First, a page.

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Preserving the Past

Luckily for scientists, the environment of eastern Asia 130 million years ago was well-suited to preserving fossils. When plants and animals died in Liaoning, they often washed into one of the many streams and lakes in the region. More important, they were frequently covered quickly in volcanic ash soon after death. Because the remains were buried so rapidly, many of the Liaoning fossils preserve almost the entire organism.

Delicate Details

Small, delicate bodies decompose more readily than larger ones. Fossils of big animals are rare--and fossils of small organisms are rarer still. But in Liaoning, even small animals were well-preserved. Spectacular fossils of a water strider and a cicada are displayed below


Gerridae (water strider; model based on:)
Early Cretaceous, Barremian (130.0-125.5 million years ago)
Yixian formation, Liaoning, China
Peking University, Beijing


Cicadidae (cicada; model based on:)
Early Cretaceous, Barremian (130.0-125.5 million years ago)
Yixian formation, Liaoning, China
Peking University, Beijing




Dinosaur for Dinner

This fossil of Repenomamus robustus, a cat-sized early mammal, was found with the remains of a young psittacosaur in its stomach.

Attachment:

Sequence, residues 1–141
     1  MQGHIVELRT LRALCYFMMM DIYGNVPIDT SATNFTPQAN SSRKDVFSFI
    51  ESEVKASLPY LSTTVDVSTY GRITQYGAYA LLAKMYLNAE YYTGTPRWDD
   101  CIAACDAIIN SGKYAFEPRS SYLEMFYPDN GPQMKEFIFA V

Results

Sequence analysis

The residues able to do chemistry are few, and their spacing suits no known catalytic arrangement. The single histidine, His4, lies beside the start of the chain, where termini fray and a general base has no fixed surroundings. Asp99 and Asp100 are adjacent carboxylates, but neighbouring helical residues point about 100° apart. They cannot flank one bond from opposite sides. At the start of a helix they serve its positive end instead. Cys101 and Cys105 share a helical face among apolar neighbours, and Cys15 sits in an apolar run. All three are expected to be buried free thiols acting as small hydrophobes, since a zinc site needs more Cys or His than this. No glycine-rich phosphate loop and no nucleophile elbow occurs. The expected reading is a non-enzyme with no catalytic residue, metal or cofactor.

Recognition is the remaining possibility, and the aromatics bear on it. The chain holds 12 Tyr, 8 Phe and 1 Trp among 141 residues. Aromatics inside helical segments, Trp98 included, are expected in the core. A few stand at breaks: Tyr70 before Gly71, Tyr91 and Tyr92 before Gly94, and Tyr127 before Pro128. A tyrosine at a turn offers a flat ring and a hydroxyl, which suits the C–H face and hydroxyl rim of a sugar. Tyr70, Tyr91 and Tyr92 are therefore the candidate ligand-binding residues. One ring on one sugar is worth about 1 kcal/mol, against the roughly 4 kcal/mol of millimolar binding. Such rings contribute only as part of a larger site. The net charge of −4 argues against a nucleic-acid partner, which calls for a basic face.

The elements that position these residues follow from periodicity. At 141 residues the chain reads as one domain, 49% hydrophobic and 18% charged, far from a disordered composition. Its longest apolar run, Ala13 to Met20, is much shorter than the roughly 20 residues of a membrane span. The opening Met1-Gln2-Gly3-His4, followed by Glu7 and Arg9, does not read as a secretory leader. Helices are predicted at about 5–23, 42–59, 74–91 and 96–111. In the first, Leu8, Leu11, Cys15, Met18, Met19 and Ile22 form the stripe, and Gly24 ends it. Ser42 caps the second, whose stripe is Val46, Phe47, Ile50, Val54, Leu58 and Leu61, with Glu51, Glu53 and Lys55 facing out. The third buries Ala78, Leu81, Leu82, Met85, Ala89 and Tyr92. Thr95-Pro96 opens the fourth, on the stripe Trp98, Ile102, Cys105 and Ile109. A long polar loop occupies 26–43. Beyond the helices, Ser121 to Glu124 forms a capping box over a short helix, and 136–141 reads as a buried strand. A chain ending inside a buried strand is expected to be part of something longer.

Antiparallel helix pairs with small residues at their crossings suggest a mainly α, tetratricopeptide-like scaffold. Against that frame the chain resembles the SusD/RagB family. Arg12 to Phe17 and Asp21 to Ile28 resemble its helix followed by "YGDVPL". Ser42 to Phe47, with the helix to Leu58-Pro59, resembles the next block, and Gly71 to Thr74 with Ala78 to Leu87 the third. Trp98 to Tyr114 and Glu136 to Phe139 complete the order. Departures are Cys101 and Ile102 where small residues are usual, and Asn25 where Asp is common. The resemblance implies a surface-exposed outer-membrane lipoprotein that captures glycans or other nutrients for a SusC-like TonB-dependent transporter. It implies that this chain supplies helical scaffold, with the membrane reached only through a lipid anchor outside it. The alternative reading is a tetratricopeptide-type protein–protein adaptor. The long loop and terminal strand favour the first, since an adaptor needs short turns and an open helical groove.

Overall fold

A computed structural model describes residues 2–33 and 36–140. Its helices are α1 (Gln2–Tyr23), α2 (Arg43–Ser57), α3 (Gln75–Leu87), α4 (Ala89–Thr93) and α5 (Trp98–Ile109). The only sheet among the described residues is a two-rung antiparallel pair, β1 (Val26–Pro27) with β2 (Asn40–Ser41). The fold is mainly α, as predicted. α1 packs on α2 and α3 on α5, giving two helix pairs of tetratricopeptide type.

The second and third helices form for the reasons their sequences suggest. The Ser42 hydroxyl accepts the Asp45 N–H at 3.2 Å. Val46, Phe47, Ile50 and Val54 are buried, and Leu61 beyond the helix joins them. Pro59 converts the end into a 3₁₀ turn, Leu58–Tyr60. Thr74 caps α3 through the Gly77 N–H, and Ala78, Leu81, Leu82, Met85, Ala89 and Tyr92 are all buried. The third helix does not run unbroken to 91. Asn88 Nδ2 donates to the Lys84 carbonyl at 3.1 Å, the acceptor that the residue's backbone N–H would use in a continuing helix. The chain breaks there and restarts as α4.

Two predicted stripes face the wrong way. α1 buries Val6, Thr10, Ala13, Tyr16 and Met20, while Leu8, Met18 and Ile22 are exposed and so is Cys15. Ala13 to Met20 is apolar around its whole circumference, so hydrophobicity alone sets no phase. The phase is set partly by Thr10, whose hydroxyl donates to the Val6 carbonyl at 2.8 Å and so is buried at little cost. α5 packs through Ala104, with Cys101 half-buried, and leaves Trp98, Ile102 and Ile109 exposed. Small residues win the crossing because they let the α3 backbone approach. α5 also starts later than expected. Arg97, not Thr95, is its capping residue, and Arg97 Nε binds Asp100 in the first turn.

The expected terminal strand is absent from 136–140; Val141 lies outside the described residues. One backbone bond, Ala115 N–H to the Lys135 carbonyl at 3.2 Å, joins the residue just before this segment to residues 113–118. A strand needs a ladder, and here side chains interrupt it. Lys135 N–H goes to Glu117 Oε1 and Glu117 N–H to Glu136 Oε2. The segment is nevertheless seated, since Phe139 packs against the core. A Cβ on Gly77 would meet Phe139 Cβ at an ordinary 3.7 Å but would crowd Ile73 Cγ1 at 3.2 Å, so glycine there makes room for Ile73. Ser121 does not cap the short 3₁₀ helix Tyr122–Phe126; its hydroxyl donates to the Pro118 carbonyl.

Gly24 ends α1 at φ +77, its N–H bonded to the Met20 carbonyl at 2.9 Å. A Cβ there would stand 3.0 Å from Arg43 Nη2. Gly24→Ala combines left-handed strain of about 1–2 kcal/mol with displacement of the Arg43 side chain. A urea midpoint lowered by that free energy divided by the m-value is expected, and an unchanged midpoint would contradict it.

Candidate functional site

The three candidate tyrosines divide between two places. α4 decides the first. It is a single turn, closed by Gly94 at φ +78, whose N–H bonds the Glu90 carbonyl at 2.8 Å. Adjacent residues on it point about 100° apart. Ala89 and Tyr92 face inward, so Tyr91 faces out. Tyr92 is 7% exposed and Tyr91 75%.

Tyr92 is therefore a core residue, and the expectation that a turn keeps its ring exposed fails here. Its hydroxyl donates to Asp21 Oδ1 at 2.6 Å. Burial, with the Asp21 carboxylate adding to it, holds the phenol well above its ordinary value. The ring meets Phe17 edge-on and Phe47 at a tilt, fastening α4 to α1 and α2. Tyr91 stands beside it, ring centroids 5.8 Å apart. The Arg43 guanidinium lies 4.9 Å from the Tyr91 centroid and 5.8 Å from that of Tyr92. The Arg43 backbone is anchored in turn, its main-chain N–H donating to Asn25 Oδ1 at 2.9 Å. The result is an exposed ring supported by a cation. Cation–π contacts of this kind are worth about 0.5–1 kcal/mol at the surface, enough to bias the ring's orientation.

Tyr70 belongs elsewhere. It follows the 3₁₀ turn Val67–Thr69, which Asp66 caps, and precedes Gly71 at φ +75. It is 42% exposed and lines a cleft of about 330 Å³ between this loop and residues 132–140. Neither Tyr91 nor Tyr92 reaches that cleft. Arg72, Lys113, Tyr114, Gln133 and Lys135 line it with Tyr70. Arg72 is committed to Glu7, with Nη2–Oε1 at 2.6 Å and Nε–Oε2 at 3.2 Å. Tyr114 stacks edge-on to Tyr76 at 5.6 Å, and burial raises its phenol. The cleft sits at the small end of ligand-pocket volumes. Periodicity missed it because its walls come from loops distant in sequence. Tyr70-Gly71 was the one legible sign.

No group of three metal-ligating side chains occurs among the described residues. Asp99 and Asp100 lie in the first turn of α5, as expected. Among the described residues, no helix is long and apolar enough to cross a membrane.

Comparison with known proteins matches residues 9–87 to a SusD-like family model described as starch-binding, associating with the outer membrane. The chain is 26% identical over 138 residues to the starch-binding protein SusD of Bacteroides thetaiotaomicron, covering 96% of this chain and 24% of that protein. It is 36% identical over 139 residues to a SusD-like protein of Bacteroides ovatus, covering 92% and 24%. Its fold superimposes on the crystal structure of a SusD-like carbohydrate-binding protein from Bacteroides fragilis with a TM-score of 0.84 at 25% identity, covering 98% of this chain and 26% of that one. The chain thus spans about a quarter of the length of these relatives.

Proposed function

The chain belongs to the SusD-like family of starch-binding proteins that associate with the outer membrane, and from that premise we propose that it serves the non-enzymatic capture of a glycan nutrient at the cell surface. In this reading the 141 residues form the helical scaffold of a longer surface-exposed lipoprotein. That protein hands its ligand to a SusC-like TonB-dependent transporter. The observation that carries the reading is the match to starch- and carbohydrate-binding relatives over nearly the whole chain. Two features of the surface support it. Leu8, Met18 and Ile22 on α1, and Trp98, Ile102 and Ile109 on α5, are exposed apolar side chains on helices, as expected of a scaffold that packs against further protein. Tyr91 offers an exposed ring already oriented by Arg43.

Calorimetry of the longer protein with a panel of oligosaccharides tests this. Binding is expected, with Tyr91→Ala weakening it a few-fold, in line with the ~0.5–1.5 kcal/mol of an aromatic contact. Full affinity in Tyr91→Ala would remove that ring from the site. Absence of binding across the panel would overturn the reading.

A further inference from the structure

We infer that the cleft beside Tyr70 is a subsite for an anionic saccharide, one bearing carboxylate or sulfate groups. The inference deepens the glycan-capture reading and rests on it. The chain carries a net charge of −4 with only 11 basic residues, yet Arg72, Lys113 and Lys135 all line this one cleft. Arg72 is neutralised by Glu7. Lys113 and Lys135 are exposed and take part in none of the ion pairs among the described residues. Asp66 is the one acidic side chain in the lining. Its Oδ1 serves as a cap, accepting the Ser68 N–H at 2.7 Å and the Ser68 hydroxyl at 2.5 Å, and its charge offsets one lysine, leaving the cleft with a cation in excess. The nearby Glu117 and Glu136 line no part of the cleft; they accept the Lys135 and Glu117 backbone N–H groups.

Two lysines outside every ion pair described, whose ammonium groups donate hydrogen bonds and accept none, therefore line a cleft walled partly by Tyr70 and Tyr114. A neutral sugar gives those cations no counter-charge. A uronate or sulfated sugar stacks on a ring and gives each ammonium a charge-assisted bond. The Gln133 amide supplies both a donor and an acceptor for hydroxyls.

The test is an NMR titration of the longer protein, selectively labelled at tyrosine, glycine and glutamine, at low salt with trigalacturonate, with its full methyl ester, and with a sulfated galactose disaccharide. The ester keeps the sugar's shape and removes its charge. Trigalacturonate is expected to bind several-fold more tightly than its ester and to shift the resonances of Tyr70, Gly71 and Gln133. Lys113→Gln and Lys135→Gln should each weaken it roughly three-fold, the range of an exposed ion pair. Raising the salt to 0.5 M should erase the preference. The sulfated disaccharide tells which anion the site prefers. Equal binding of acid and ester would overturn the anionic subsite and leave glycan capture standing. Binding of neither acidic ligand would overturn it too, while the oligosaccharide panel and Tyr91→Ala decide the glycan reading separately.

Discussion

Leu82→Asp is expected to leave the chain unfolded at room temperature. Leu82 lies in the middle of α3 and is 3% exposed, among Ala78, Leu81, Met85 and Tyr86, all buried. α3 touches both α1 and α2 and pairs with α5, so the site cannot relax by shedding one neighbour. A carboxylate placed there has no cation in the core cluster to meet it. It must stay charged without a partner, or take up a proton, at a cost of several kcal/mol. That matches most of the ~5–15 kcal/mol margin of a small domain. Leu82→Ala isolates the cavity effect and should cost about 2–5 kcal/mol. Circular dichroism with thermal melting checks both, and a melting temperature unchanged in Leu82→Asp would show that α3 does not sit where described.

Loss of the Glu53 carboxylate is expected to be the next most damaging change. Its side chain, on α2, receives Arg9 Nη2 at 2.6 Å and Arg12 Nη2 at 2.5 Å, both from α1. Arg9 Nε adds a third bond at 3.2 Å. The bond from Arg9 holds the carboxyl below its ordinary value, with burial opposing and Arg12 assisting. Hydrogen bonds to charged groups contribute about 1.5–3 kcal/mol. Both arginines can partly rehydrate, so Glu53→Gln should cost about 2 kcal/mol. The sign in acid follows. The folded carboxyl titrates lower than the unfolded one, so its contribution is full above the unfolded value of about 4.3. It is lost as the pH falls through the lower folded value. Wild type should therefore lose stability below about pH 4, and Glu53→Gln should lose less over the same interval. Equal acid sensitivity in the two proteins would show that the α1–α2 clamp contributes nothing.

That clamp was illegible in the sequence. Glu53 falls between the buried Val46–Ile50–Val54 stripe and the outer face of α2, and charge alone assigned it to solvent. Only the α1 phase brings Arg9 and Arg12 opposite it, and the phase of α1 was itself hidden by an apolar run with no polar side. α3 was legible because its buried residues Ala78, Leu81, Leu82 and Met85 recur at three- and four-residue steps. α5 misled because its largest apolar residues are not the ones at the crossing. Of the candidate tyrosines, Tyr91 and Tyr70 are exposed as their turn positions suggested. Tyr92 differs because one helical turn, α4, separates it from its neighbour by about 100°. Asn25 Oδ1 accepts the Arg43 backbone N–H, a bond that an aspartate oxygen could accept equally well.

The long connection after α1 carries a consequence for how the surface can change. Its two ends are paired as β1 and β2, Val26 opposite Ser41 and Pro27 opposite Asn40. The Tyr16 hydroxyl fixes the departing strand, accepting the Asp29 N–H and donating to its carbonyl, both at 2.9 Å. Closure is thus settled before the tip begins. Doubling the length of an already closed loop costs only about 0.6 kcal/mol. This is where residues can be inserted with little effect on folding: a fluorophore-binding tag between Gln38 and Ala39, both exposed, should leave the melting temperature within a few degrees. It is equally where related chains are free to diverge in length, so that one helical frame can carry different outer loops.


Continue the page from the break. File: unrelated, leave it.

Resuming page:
R. robustus.

AMNH/Roderick Mickens


R. giganticus.

AMNH/Roderick Mickens



Ghostly Encounters

Fossils usually tell us about the inside of an animal: its bones, muscles and sometimes what it ate for dinner. It's nearly impossible to learn much about how ancient animals looked on the outside. But some Liaoning fossils look like ghosts: The outside of the body is visible as well as the bones. Faint colors and patterns like stripes and spots--even the shading of the eyes--can sometimes be seen.


Juvenile Psittacosaurus.

AMNH/Denis Finnin



Scientists aren't sure how colors and patterns were preserved in these fossils. Most likely, the colors in the fossils, just shades of gray, are not the colors of the animals in life. The plants and animals of 130 million years ago were surely just as colorful as those alive today.

Fossil Fish

Large sturgeons swam in the lakes and streams of ancient Liaoning. Fossils of these fish often reveal details such as colors, stripes and spots, as well as the pattern of scales.


Sturgeon fish.

AMNH/Roderick Mickens

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